Some research has investigated the problem of resource allocation in VCC systems. The SMDP approach has also been applied to solve such problems. In Ref. [10], The authors studied the resource allocation problem in the cloudassisted vehicular network architecture, solving the SMDP via an iteration algorithm. According to Zheng et al. [11], the SMDP policy has been applied to maximize the overall longterm performance of the VCC system. Lin et al. [12] found the optimal strategy of VCC resource allocation with vehicle heterogeneity and roadside unit (RSU) effects by using the SMDP approach. In Ref. [13], a mixed integer linear programming (MLP) model is proposed to best manage the distribution of computational demands in the distributed architecture while decreasing energy consumption.
Ouammou et al. [14] introduce the concept of reserve server consider the M/M/k queuing system with setup costs to deal with coming clients. The proposed mechanism and its performance parameters are described by a mathematical model. In addition, the effect of the proposed mechanism on energy consumption behavior is assessed. The discussion on the results shows the role of the consideration of reserves in the system.
Also, there is some published work on the resources managements as [15, 16]. They formulated their work using the SMDP approach to manage the optimal action that will be taken under some conditions. Hanini et al. [17] are interested in proposing an algorithm to schedule the client tasks to the resources of a data center in cloud computing. Their proposed solution, is concentrated on client QoS requirements and aimed to reduce the energy, cost and time. In contrast to the discussed studies, we consider resources management as a stochastic optimization problem. Our purpose in this work can be summarized as follows:
Based on the advanced algorithm, we show that our approach can significantly improve the evaluation time in each scalable iteration. Therefore, the most important contribution of this paper is the property of heterogeneous requests which extend the system proposed in Ref. [11].
3.1 System model
We consider a system of VCC as shown in Figure 1, in which moving vehicles constitute a dynamic VC. The cloud structure in the system is composed of two layers, remote cloud RC that consists of multiple powerful computing resources and vehicular cloud VC that constitutes some VEs. Each vehicle has a standard computing Resource Unit (RU) in the system. These units are managed and allocated via the VC. The capability of the VC to compute depends on the number of RUs in the VC.
Considering two categories of service requests:
Figure 1. Scheme of the proposed VCC system
Suppose there are M RUs available in the VC that vary with time because it depends on the arrival and the departure of vehicles.
Let $\left(N_{t}^{\lambda_{p}}, t>0\right),\left(N_{t}^{\lambda_{s}}, t>0\right), \text { and }\left(N_{t}^{\lambda_{v}}, t>0\right)$ three Poisson Processes with the mean rate of λ_{p}, λ_{s}, and λ_{v} respectively, where $N_{t}^{\lambda_{p}}, N_{t}^{\lambda_{s}}, \text { and } N_{t}^{\lambda_{v}}$, for each t>0, are the number of PRs arrivals, the number of SRs arrivals, and the number of arrival of vehicles, in the interval time (0,t] respectively.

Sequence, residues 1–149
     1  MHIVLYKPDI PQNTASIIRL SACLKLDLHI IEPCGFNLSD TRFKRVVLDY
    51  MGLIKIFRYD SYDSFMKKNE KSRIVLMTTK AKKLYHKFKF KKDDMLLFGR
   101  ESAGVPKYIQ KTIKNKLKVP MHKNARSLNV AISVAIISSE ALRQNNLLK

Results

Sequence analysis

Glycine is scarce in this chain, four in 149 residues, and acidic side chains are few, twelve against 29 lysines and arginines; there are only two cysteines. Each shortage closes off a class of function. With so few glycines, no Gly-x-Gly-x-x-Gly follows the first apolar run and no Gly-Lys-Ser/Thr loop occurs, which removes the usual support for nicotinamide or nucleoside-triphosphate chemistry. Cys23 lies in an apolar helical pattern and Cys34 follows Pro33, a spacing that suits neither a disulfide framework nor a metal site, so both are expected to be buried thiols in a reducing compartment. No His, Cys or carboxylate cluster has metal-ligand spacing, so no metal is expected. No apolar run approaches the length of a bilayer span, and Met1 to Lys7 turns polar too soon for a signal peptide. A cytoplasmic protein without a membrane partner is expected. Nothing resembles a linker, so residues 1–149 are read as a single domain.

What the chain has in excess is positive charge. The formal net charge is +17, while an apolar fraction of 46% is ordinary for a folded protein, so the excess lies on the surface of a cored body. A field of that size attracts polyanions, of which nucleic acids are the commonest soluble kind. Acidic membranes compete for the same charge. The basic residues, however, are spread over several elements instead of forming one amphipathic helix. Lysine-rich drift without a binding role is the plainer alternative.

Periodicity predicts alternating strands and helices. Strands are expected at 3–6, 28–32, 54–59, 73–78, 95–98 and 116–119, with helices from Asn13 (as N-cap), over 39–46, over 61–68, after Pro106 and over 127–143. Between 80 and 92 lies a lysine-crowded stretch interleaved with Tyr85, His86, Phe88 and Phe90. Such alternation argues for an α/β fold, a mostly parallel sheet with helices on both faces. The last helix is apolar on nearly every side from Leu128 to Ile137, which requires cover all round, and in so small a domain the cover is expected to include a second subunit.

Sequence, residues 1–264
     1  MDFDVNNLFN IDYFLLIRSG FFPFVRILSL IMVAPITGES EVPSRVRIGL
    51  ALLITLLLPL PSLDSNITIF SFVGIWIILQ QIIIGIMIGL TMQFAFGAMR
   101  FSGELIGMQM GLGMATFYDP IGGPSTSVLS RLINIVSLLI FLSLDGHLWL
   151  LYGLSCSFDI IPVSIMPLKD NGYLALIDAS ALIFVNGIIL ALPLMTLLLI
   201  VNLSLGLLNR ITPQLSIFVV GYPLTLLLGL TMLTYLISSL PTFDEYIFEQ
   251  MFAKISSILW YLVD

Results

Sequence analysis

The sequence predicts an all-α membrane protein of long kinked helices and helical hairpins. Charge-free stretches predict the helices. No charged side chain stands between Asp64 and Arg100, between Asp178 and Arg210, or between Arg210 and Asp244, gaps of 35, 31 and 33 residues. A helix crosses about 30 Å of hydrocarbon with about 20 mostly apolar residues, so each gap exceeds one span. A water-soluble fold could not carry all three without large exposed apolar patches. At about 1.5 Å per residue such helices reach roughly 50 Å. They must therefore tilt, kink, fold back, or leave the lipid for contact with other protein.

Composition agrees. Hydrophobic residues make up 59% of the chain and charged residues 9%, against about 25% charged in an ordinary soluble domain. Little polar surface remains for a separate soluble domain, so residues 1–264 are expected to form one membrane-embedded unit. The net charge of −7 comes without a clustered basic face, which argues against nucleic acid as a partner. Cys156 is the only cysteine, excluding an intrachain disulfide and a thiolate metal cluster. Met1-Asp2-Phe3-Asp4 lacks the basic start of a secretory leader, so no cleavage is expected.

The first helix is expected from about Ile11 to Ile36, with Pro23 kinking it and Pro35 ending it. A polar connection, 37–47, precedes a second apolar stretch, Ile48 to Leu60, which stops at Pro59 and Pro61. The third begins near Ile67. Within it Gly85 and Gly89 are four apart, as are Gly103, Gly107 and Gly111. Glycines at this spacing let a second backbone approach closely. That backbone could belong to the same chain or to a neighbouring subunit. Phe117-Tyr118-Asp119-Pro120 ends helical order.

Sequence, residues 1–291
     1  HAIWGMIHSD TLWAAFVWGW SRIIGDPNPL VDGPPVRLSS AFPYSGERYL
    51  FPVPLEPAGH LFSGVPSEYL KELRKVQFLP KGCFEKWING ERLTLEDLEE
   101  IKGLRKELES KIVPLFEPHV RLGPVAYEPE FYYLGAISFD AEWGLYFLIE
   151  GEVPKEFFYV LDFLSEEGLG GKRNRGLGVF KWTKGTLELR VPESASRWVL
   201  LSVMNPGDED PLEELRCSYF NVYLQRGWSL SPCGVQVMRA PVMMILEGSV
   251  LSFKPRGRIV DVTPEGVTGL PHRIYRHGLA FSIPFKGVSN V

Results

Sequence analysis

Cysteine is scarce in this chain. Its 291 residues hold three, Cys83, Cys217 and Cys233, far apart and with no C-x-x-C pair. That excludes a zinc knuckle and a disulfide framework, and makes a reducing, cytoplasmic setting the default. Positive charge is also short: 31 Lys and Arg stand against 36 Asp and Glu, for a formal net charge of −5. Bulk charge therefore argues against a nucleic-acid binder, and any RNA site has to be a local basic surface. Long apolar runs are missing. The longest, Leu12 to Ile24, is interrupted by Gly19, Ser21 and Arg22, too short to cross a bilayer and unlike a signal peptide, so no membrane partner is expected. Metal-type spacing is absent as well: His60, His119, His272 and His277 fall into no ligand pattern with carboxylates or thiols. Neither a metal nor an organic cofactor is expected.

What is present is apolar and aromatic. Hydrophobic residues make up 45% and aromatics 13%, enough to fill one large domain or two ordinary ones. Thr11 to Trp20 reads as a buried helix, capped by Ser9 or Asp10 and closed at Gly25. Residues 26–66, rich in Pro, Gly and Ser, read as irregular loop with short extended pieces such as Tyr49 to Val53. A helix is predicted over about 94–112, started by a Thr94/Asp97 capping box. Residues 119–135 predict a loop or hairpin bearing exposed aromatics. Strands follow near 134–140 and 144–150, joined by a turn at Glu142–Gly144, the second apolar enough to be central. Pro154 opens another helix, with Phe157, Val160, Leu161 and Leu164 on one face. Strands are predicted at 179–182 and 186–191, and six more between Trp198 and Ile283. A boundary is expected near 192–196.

Each arrival service request PR can be allocated with i RUs in the VC, where i∈{1,...,N}, N≤M and N is the maximum number of RUs that can allocate to a service request PR by the VC. The same if an arrival service request SR is accepted to assign to the VC.
The service rate of the PR and SR are denoted by μ_{p} and μ_{s} respectively. Then $\frac{1}{i \mu_{p}}$ is the service time of a request PR if i RUs are allocated and $\frac{1}{i \mu_{s}}$ for SR if it is accepted to assign to VC. Assume that $\lambda_{p}<M \mu_{p}$ to ensure that the system is accessible and stable for PRs. The number of RUs in the VC can not be larger than K. In addition, the departure of vehicle follows Poisson distribution with rate μ_{v}.
Furthermore, when all of the resources units RUs are full, since the system firstly keeps the RUs to the primary requests PRs, we must transfer SR’ s service which occupies the RUs to the RC.
The main objective is to maximize the expected longterm total reward by using the SMDP approach correctly allocating VCC system resources to PR and SR.
3.2 System states
We consider two types of service requests PR and SR.
We use S to denote the state set that can be represented by current requests, the usable resources in the VC and the event, i.e.,
S={s(t)/s(t)=<x_{s} (t),x_{p} (t),M,e>} (1)
where, $x_{s}(t)=\left[x_{s}^{1}(t), \ldots, x_{s}^{N}(t)\right]^{t}$, $x_{s}^{i}(t)$ is the number of SRs that have been allocated with i RUs i∈{1,...,N} at time t. Similarly, $x_{p}(t)=\left[x_{p}^{1}(t), \ldots, x_{p}^{N}(t)\right]^{t}$, $x_{p}^{i}(t)$ is the number of PRs that have been allocated with i RUs, M is the number of available RUs in the VC and e represents an event in the set as mentioned in Table 1.
$\mathcal{E}=\left\{A_{p}, A_{s}, A_{v}, D_{v}, D_{p}^{i}, D_{s}^{i}\right\}$ (2)
where,
Table 1. Summary of events
e 
Event 
$A_{p}$ 
PR arrival 
$A_{S}$ 
SR arrival 
$A_{v}$ 
arrival of vehicle 
$D_{v}$ 
departure of vehicle 
$D_{p}^{i}$ 
departure of a PR allocated with $i$ RUs 
$D_{S}^{i}$ 
departure of a SR allocated with $i$ RUs 
Therefrom $\sum_{i=1}^{N} i\left(x_{p}^{i}(t)+x_{s}^{i}(t)\right)$ is the number of occupied RUs in the VC which satisfies $\sum_{i=1}^{N} i\left(x_{p}^{i}(t)+x_{s}^{i}(t)\right) \leq M$.
3.3 Actions
When the system receives a request, it can choose an action as follows. If the SR request has been accepted with i RUs, the action denotesa(t)=(S,i).
Therefore, a(t)=(S,0) indicates that when a SR arrives and the VC is full, the VC will transfer it to the RC. Otherwise, if the accepted PR request with i RUs, it denotes as a(t)=(P,i) .